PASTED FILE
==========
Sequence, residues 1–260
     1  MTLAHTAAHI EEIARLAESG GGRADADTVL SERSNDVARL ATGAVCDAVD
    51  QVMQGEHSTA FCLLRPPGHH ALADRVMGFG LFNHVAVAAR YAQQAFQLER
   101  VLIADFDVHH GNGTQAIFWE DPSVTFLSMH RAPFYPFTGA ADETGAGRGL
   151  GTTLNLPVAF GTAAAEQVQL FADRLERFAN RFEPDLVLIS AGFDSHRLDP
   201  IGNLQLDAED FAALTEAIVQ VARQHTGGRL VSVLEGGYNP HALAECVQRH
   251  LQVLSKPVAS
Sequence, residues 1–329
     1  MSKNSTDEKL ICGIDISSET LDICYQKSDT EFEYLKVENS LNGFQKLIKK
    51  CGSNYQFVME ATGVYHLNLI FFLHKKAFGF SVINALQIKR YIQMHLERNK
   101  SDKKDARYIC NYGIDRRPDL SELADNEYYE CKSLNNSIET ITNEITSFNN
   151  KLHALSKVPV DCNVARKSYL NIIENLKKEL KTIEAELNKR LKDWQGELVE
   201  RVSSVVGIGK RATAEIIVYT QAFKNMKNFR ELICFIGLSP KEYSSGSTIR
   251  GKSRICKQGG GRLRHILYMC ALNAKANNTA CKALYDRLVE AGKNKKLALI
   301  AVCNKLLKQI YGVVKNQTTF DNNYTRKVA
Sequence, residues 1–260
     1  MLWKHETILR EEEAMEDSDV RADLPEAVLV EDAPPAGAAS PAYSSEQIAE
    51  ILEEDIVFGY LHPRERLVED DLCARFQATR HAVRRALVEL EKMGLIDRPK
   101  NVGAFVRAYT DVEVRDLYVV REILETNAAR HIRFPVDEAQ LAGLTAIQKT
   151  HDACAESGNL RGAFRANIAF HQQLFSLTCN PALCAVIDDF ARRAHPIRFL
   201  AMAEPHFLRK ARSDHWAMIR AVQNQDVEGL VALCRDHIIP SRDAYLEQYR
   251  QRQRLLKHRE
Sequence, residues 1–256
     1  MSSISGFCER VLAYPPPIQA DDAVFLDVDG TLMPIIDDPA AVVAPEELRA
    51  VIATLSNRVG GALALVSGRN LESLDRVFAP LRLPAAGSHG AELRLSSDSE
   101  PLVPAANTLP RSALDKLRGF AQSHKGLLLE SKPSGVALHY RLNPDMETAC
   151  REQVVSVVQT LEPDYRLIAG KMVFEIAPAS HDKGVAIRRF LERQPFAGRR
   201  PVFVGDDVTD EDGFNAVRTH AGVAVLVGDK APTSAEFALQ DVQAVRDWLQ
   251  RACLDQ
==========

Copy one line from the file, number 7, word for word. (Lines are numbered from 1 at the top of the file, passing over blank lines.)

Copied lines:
   251  LQVLSKPVAS